March 5th, 2016
by Mort Walker
The advertisement above, which appeared in two art magazines in the fall of 1957, was one of the first accounts that Mort Walker did. During that period, Mort was creating new characters on an almost annual basis. This ad purportedly revealed how he developed a new lieutenant for the strip.
Although Mort might have used Prismapastel sticks and pencils on occasion in his sketchbook, these tools were not used in the production of the strip. Beetle Bailey was, and still is, done in a traditional hand-drawn process. Mort sketches the finished strips on sheets of 3-ply Strathmore plate-finish paper with a standard graphite pencil about twice as large as they appear in newspapers. The pencil lines and lettering are then inked over with India ink applied with a flexible nib pen, like the Gillotte 170, which Chance Browne once called, “the singing sword of cartooning.”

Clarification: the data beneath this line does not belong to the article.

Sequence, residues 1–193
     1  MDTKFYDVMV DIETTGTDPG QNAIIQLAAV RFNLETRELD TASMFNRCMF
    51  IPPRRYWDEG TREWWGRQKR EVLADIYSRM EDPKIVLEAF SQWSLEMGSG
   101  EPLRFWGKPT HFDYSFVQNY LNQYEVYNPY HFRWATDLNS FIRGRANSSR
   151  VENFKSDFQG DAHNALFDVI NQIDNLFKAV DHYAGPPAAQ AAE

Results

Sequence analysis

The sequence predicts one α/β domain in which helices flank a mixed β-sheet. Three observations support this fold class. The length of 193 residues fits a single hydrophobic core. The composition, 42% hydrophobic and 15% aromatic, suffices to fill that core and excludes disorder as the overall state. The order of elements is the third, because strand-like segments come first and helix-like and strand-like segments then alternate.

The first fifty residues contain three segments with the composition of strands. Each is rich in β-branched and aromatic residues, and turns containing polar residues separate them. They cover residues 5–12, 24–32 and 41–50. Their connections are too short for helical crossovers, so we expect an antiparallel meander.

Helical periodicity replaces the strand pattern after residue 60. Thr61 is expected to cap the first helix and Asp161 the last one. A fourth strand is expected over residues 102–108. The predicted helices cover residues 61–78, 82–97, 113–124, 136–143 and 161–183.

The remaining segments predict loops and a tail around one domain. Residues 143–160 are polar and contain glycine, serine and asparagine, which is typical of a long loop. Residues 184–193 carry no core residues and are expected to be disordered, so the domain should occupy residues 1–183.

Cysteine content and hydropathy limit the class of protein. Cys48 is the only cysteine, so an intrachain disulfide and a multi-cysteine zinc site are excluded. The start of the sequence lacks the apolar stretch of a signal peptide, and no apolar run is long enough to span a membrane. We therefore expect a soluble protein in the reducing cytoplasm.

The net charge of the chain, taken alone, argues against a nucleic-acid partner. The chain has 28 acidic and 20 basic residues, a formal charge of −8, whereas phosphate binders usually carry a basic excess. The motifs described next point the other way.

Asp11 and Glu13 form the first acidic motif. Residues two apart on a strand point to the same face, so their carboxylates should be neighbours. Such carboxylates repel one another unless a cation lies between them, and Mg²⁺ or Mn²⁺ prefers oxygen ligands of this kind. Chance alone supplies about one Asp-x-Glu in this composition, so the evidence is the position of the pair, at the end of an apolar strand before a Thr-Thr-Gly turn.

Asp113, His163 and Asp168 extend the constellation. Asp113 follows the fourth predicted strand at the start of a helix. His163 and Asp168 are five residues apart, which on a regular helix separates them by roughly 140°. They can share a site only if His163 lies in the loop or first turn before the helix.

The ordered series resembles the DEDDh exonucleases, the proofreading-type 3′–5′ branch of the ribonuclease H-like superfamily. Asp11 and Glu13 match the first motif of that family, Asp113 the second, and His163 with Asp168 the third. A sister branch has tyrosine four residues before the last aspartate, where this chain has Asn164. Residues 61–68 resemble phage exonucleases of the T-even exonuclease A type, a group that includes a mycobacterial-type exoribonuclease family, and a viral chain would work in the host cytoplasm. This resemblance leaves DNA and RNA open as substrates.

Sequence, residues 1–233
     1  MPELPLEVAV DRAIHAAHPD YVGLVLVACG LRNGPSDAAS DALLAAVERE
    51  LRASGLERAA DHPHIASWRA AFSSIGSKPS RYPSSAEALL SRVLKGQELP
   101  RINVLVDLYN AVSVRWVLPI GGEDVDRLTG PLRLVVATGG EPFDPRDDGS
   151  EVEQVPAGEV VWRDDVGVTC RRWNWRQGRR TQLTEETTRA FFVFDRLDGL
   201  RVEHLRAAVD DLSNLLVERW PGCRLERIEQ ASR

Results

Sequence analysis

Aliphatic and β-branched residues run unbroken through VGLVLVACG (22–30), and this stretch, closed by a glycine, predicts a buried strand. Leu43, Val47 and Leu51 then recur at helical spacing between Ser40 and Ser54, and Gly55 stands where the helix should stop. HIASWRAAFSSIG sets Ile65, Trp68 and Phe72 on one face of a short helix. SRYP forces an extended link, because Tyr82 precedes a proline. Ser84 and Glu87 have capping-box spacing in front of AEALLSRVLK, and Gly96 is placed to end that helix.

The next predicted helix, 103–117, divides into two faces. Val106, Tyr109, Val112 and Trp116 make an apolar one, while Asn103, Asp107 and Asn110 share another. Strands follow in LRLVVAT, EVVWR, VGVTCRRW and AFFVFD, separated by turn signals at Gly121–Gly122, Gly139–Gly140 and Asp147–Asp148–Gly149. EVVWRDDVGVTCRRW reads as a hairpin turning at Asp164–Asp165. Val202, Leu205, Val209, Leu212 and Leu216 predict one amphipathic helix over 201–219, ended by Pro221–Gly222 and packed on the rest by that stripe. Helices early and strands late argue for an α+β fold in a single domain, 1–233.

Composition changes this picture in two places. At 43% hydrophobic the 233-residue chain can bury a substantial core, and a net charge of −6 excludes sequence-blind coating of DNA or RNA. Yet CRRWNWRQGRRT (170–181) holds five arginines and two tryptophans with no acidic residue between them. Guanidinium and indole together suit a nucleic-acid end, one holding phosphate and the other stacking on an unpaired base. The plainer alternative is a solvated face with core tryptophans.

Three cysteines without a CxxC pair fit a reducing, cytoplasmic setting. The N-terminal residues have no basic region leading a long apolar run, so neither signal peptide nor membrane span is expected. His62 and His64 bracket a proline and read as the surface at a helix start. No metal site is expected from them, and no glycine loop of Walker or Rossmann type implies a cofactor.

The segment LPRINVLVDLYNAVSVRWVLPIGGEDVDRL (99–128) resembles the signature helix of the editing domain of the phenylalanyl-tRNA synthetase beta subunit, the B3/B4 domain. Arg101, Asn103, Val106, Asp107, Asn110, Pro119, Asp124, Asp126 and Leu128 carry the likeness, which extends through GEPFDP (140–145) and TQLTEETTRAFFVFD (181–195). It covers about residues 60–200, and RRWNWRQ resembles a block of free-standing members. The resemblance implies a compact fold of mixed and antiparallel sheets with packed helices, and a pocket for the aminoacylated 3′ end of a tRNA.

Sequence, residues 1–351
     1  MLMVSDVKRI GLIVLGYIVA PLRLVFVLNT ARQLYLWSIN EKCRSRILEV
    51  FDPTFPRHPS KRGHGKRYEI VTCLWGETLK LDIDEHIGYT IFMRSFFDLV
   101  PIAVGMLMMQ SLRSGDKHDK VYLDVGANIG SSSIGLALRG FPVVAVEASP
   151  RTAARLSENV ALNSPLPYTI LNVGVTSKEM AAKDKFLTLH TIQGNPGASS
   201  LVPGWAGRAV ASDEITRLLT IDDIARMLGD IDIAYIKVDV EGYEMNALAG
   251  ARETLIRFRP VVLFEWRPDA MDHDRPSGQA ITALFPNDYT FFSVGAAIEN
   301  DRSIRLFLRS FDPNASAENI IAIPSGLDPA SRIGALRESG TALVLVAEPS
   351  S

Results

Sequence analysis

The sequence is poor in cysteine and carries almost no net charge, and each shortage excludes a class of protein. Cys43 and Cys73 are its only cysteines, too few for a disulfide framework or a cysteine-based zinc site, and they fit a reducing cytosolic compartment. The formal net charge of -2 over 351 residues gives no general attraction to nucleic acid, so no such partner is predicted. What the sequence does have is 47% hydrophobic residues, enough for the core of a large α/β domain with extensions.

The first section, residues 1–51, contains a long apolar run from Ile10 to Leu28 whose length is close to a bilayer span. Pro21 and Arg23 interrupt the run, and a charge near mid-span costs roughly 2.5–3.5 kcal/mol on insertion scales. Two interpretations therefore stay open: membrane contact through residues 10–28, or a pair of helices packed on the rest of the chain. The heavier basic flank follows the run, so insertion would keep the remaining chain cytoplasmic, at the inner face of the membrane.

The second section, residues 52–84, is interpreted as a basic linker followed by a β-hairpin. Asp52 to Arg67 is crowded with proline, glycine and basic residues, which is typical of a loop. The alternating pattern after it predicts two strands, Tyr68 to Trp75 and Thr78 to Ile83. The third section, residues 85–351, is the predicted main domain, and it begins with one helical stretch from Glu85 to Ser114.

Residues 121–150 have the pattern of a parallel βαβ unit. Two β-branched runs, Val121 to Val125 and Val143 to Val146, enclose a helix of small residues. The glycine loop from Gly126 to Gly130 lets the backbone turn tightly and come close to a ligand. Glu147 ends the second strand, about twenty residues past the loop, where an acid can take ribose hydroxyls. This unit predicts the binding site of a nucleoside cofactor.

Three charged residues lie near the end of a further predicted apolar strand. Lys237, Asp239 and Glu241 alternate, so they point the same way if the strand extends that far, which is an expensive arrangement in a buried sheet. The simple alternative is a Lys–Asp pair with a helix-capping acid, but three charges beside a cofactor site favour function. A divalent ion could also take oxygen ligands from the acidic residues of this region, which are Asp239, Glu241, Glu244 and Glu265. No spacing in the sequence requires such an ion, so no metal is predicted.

In the late 1950s and 60s, the inking duties were shared by Mort and his assistant Jerry Dumas. Greg Walker now does the inking and lettering on the strip. For many years, King Features production assistants did the color guides for the Sunday pages by hand. The coloring for both Sundays and dailies is now done by computers.
This advertisement is misleading in two ways. Mort did not used colored pencils to draw the finished strips and this character never appeared in Beetle Bailey. The Eagle Pencil Company was obviously more interested in pushing their product than accurately showing how a comic strip was produced.
In the 1960s, 70s and 80s Mort Walker did advertisements for a variety of clients, including U-Haul, Vicks, Chef-Foil, Sprite, FedEx and Crayola. We will be featuring artwork from some of these accounts in future posts, so stay tooned.
– Brian Walker
Unlock 250,000+ comics.
Terms Apply. Converts to Continuous Service Subscription. Cancel Anytime.